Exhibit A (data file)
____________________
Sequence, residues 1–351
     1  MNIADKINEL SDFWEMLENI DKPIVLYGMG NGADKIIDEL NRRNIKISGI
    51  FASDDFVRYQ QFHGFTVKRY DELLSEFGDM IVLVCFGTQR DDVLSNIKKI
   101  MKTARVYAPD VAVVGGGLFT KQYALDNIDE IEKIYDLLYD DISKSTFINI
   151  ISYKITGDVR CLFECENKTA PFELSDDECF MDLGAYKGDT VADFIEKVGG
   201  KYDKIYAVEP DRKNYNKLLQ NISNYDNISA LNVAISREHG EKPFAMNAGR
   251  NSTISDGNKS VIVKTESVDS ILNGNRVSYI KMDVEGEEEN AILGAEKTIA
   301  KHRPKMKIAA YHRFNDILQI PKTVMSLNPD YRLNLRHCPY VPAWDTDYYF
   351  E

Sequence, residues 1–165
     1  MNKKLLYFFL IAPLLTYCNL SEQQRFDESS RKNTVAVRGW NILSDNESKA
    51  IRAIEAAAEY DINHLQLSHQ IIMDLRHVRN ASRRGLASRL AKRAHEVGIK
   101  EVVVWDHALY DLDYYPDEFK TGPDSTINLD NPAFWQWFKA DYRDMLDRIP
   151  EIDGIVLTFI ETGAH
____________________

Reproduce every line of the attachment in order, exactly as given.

Sequence, residues 1–351
     1  MNIADKINEL SDFWEMLENI DKPIVLYGMG NGADKIIDEL NRRNIKISGI
    51  FASDDFVRYQ QFHGFTVKRY DELLSEFGDM IVLVCFGTQR DDVLSNIKKI
   101  MKTARVYAPD VAVVGGGLFT KQYALDNIDE IEKIYDLLYD DISKSTFINI
   151  ISYKITGDVR CLFECENKTA PFELSDDECF MDLGAYKGDT VADFIEKVGG
   201  KYDKIYAVEP DRKNYNKLLQ NISNYDNISA LNVAISREHG EKPFAMNAGR
   251  NSTISDGNKS VIVKTESVDS ILNGNRVSYI KMDVEGEEEN AILGAEKTIA
   301  KHRPKMKIAA YHRFNDILQI PKTVMSLNPD YRLNLRHCPY VPAWDTDYYF
   351  E

Sequence, residues 1–165
     1  MNKKLLYFFL IAPLLTYCNL SEQQRFDESS RKNTVAVRGW NILSDNESKA
    51  IRAIEAAAEY DINHLQLSHQ IIMDLRHVRN ASRRGLASRL AKRAHEVGIK
   101  EVVVWDHALY DLDYYPDEFK TGPDSTINLD NPAFWQWFKA DYRDMLDRIP
   151  EIDGIVLTFI ETGAH